I almost ended the post here, but thought better of it this morning after having had a good night’s sleep, and then rude awakening—Ogre roused me at 5:30 am with a quick punch to the face. Upon rereading my text, I found it to be a little self-pitying, something I usually try to avoid. I am probably just lonely because my partner is away for the week, on a last minute poker trip to Las Vegas. I said goodbye to him on Thursday with a cheery ‘good luck,’ and my standard farewell phrase: ‘Don’t forget to check for bugs!’ My ever-so-slightly bad mood is compounded by my current state of transition. I hate being in between goals, and remember the crushing disappointment of defending my PhD thesis. Now what? I was kept busy with short-term tasks this fifth post-competition week: preparing for my personal training course, producing handmade ice-cream for DYT’s hot boyfriend, baking raspberry glazed scones for 2DO, testing sugar-free/fat-free muffins for both myself and MW, cleaning out the man closets—when hoarding man is away his psycho-tidy girlfriend will play!—working out intensely every day, and drafting the grant application for a new transnational, interdisciplinary, multi-team research project, expansively called The Cultures of Pest Control. My contribution as primary investigator will be to study the ‘Go for the Gopher’ campaign that encouraged Albertans to go and blow gopher brains out with their guns. Now that is some elevated thinking! Wait just a minute; hold the phone. I have suddenly concocted a new and hopefully time-consuming life ambition: I will strive to move downward on the Maslow scale. Well, I should probably start by turning off this laptop, and taking my succulent lady lumps out to the pub after all…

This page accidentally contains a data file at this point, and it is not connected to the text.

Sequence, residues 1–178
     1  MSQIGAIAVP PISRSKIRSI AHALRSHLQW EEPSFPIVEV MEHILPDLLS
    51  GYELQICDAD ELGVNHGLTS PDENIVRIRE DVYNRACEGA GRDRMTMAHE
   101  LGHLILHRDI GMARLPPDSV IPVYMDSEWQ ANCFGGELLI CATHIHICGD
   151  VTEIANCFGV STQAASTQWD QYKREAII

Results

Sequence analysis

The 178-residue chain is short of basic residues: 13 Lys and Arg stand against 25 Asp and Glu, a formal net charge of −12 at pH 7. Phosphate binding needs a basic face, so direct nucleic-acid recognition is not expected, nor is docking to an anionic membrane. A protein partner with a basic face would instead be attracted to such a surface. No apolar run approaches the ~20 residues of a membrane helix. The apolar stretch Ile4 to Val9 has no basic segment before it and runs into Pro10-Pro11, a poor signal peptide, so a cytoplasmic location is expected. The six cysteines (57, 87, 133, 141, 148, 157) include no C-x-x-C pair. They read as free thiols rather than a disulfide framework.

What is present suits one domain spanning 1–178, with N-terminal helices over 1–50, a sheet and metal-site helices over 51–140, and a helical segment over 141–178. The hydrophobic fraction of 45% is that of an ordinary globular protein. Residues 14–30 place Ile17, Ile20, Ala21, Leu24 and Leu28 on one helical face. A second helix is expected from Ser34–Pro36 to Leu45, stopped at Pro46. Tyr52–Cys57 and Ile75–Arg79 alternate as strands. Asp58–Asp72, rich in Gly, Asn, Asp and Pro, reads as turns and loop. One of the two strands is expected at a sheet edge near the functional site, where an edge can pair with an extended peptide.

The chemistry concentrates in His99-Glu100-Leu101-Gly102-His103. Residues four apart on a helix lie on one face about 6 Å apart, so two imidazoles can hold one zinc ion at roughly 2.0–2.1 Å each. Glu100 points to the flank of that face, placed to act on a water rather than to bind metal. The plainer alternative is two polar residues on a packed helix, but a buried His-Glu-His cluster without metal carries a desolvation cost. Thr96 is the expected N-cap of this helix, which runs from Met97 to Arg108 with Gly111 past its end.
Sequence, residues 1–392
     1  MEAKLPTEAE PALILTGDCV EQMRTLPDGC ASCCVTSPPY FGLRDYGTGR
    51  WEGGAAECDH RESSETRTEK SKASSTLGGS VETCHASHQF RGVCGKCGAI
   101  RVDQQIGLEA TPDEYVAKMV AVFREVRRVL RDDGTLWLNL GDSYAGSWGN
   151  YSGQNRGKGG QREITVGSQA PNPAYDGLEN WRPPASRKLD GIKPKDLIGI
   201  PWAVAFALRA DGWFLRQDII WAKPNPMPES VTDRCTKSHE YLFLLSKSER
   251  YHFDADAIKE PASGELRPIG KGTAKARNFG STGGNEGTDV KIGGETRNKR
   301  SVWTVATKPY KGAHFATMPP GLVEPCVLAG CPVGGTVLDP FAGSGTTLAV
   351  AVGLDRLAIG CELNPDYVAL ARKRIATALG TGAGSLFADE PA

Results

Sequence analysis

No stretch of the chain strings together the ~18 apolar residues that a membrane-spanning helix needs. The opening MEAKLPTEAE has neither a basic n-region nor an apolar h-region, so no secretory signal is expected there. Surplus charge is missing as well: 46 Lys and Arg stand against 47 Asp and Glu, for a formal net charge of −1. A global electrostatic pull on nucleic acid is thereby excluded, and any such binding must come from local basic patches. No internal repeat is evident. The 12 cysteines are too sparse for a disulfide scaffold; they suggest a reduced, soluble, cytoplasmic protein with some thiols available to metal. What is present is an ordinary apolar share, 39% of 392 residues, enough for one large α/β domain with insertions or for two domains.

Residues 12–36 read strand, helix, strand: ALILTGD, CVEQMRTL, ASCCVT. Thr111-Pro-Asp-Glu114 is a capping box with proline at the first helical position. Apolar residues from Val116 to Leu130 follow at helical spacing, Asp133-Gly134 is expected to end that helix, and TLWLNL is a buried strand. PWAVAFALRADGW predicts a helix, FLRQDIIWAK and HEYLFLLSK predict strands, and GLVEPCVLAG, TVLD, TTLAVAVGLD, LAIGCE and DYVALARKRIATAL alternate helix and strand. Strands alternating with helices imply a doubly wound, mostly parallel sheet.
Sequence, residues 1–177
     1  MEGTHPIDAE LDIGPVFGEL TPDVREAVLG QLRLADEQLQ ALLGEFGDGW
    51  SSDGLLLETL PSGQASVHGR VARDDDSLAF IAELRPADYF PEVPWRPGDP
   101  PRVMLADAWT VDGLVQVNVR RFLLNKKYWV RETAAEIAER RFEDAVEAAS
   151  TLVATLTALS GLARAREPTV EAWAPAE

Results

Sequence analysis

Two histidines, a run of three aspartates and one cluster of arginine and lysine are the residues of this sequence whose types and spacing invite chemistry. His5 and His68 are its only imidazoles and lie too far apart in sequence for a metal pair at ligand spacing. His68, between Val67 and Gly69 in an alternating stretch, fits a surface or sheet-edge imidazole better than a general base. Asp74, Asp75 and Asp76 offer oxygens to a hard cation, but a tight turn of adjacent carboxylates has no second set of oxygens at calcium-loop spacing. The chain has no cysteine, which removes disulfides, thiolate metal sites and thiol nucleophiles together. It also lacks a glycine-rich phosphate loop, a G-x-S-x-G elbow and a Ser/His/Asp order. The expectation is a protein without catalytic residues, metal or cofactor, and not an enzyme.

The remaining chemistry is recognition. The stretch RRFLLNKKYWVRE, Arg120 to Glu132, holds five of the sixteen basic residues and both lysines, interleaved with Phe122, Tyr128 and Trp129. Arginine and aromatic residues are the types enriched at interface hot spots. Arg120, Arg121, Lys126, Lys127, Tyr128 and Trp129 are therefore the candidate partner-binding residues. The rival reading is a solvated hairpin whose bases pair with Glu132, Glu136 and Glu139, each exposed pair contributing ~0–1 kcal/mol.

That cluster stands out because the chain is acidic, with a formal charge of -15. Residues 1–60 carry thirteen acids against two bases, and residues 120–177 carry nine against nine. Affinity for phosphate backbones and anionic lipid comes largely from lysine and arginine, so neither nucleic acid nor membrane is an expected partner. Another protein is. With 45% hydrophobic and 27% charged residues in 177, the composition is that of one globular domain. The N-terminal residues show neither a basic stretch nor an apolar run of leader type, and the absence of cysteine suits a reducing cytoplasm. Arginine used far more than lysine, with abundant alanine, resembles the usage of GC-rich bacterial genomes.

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About feministfiguregirl

I am a 51-year-old professor named Lianne McTavish who receives as much satisfaction from working out at the gym as from publishing my academic research. About eight years ago, I decided to combine my two primary identities (scholar/gym rat) to create "Feminist Figure Girl," a fictional character who both analyzes and participates in bodybuilding. I competed in my first figure show in June of 2011, and then wrote a book inspired by the process, published by SUNY Press in February 2015. In this blog I will write about and consider my ongoing research on the body, while regularly making fun of myself. I recommend that you start reading my first post from August 2010 (available on the home page), instead of backwards from the most recent one, in order to get the full FFG effect.